Steve Joanis – Engineering Manager, ENE Systems
Steve has over 13 years of experience in management in the education management industry.
You may have to invest time in your team for a while, but the goal should be to build a team and a culture that is self-sufficient to the point where you have ample time to do your own tasks and maybe even reach higher. Offloading “management tasks” to your team maybe possible and advisable in some cases.
First, there is a psychological aspect to management transitions. You may find it difficult to let things go a way that is different than you would have done it. When I first took a managerial role, I still did engineered drawings. When I instituted a peer review process, I quickly realized that I wasn’t the best engineer! This realization helped me to “let go.”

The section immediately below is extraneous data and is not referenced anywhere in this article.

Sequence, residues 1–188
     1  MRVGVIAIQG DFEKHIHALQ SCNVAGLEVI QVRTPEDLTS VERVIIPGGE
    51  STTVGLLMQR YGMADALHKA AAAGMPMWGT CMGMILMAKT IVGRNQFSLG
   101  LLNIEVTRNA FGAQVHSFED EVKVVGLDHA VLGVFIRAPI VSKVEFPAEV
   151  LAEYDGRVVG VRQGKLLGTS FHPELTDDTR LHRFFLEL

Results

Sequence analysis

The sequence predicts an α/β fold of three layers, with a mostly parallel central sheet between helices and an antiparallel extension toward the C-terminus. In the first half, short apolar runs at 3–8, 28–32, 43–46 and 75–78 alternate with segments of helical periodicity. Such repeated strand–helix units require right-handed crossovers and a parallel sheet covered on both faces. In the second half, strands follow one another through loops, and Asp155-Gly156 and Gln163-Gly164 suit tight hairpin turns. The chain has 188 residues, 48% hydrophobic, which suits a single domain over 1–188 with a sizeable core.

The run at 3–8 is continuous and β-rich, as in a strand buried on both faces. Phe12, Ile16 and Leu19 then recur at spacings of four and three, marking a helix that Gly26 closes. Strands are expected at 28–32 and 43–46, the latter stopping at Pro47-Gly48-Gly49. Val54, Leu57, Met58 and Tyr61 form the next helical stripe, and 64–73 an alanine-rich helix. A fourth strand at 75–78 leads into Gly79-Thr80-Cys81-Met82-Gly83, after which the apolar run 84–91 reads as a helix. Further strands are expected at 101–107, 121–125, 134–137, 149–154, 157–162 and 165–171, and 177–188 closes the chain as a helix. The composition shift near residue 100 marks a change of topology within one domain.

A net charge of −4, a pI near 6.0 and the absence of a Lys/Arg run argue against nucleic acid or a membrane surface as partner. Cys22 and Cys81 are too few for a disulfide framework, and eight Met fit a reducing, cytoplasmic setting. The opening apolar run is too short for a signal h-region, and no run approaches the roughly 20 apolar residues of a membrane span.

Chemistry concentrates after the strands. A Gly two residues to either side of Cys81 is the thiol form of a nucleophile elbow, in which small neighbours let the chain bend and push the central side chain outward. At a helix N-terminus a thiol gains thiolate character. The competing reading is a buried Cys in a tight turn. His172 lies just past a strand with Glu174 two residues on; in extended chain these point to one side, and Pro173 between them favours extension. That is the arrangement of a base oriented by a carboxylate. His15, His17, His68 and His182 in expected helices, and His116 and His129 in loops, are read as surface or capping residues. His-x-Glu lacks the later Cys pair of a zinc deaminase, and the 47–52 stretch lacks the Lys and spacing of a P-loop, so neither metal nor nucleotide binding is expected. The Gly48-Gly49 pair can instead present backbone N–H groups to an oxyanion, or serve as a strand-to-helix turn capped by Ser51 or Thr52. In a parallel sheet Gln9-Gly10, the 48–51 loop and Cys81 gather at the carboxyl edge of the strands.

I recommend thinking of yourself as a coach rather than a “manager.” The main difference is that a coach should inspire people to do the right things and a manager simply pushes people to complete tasks. If people come to you with ideas on how to do things better or at least differently, you know that they are inspired. The job has become more than a series of tasks.
I like to train people on specific tasks at first to help them understand the tasks. I spend time with them so that they understand the culture we are building. Eventually, I will “throw them to wolves” when the stakes are low (if that’s possible). Many people are afraid to do things on their own if they are worried their manager won’t like what they’ve done. It’s up to you to make your team feel that they are able to take risks.
Caroline Wood – Head of School, K12
Caroline has over 19 years of experience in business development in the education management industry.